Eating Red Meat on Daily Basis Linked to Type 2 Diabetes, US Study Revealed

Next to water, protein is the most abundant substance found in our body. About 16.6 percent our body weight is made up of protein.

Getting enough protein and eating a balanced diet with adequate calories are very important in maintaining a healthy body. The amount of protein the person needs to consume will depend on his or her body size and special needs. According to healthcare professionals who are expert in using the different diagnostic tools like blood pressure tester, infants need need bigger percentage of protein in their daily diet simply because they are still at the stage of growing and building new protein tissue. Same with pregnant women, they need more protein not just for their body but also for the developing fetus in their womb.

  • an average adult needs 0.6-0.8 grams of protein for every kilogram (2.2 lbs.) of body his/her weight
  • infants may need as much as 2.0 grams per kilogram
  • adolescents need up to 1.2 grams per kilogram
  • pregnant and lactating women need an additional 10 grams per day

For a person to have enough amount of protein, they have to include protein-rich foods in their daily serving like red meat that comes from naturally raised/grass-fed animals (one of the best sources of protein).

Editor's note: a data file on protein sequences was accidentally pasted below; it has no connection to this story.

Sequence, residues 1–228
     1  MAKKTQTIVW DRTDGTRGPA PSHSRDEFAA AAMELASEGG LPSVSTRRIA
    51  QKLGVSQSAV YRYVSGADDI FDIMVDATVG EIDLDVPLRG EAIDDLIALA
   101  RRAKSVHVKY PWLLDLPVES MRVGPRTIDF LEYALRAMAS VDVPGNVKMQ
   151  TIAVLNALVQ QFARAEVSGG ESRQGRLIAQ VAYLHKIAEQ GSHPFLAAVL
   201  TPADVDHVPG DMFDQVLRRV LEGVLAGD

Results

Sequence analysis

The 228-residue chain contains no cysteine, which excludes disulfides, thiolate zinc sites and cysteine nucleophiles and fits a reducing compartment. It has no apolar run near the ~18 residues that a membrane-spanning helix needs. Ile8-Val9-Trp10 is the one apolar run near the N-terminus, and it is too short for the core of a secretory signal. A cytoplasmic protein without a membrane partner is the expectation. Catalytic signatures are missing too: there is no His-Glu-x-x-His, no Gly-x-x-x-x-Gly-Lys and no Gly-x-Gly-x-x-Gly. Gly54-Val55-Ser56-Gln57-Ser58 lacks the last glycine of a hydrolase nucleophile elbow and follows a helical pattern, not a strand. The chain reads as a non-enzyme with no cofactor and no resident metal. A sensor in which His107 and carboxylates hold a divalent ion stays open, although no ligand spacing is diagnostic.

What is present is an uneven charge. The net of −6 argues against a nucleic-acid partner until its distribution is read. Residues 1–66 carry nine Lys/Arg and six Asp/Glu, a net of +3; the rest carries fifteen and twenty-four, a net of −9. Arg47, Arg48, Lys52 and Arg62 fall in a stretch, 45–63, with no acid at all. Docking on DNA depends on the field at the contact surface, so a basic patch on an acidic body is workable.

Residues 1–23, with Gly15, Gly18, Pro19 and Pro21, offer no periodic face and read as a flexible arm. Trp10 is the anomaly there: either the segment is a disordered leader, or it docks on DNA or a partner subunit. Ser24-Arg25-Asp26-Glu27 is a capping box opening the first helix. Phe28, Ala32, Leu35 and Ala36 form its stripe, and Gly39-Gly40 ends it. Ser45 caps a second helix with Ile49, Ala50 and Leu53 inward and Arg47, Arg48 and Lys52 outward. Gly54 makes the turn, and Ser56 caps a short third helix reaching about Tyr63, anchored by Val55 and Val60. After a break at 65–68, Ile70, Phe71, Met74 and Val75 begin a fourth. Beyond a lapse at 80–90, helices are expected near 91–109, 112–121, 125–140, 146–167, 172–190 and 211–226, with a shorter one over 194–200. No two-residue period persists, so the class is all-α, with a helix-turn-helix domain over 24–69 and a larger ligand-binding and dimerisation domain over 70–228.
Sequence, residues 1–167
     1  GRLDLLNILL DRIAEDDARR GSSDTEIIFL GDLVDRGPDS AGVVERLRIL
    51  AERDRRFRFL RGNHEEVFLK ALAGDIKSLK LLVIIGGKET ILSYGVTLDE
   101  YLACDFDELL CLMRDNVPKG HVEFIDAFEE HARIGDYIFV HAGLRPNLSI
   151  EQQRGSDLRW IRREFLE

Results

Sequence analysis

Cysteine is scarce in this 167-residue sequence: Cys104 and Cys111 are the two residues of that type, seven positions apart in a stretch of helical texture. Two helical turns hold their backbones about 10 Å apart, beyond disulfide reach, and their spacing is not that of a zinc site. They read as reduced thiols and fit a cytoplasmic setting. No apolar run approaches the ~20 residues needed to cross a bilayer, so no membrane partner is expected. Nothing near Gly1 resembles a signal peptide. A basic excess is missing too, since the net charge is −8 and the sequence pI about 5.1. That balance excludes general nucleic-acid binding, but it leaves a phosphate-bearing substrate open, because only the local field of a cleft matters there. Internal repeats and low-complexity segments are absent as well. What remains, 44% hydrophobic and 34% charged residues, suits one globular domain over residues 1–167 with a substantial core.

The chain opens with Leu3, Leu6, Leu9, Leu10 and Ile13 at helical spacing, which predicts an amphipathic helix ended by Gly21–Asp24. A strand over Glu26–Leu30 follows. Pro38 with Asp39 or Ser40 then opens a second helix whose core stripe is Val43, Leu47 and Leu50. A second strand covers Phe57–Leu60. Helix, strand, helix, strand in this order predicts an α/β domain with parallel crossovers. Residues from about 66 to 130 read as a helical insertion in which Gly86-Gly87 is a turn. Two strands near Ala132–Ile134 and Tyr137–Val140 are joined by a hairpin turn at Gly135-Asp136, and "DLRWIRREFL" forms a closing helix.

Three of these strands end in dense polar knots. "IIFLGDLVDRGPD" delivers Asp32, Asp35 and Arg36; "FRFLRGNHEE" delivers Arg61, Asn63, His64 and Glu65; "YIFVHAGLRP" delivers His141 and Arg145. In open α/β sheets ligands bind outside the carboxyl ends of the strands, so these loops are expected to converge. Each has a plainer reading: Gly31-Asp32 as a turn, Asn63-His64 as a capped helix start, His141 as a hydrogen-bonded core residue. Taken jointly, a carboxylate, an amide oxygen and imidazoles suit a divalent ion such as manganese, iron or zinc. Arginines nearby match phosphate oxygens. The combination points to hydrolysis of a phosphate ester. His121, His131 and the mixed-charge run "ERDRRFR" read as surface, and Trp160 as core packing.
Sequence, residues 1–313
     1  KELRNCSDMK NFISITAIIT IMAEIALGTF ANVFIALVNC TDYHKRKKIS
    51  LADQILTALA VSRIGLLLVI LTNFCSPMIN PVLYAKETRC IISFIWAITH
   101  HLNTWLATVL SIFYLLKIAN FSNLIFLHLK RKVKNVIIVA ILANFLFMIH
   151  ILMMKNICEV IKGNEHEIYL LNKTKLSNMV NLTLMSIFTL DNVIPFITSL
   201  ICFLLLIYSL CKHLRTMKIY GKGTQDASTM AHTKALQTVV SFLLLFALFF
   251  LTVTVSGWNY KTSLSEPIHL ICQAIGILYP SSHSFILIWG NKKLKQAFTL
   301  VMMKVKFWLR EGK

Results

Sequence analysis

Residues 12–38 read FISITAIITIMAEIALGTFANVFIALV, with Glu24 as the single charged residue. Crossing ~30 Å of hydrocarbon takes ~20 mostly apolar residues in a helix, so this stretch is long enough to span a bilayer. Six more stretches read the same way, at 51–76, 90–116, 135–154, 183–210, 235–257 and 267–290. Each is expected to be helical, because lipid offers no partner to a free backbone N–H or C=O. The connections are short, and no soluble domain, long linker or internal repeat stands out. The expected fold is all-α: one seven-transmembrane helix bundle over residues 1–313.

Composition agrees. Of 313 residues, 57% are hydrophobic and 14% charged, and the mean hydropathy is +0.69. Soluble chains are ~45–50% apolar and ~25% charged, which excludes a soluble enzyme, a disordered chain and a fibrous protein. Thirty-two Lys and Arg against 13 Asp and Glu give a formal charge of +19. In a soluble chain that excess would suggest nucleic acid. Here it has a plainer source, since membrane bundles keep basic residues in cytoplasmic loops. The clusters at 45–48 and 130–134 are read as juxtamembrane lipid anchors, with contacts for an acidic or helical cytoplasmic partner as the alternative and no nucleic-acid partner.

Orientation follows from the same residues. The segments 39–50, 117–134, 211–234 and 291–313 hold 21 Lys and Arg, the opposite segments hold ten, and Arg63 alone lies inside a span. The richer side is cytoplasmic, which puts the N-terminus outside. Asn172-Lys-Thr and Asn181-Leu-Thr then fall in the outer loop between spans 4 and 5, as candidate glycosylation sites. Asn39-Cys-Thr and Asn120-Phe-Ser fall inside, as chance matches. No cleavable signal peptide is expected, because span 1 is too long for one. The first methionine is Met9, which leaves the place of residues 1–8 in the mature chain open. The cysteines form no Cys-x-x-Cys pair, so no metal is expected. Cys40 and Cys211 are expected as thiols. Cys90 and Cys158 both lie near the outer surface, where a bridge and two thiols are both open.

But just recently, eating of red meat (whether it is processed or not) has been the talked in town after a research conducted by experts at the Harvard School of Public Health revealed that such source of protein can increase the risk of developing type 2 diabetes. Based on their study both the processed and unprocessed red meat can boost diabetes risk.

People who eat 50 grams of red meat every day like 2 slices of bacon or 1 hotdog, according to US study, increase their risk for type 2 diabetes by 51 percent while those who consume 100 mg of unprocessed meat boost their risk by 19 percent. Experts whose basic medical instruments are blood pressure tester and stethoscope believed that the substance found in red meat that could damage the cells of pancreas, is the main reason why it is increases the risk of developing type 2 diabetes. The pancreas has an important function in our body system since it is responsible for producing enough insulin to process food intake and regulate blood sugar levels. Once it is damaged, type 2 diabetes or formerly called as non-insulin-dependent diabetes mellitus will occur.
I have here a table (obtained from dietary fiber food site) for the daily recommended intake of protein for specific age, gender, and life stage group

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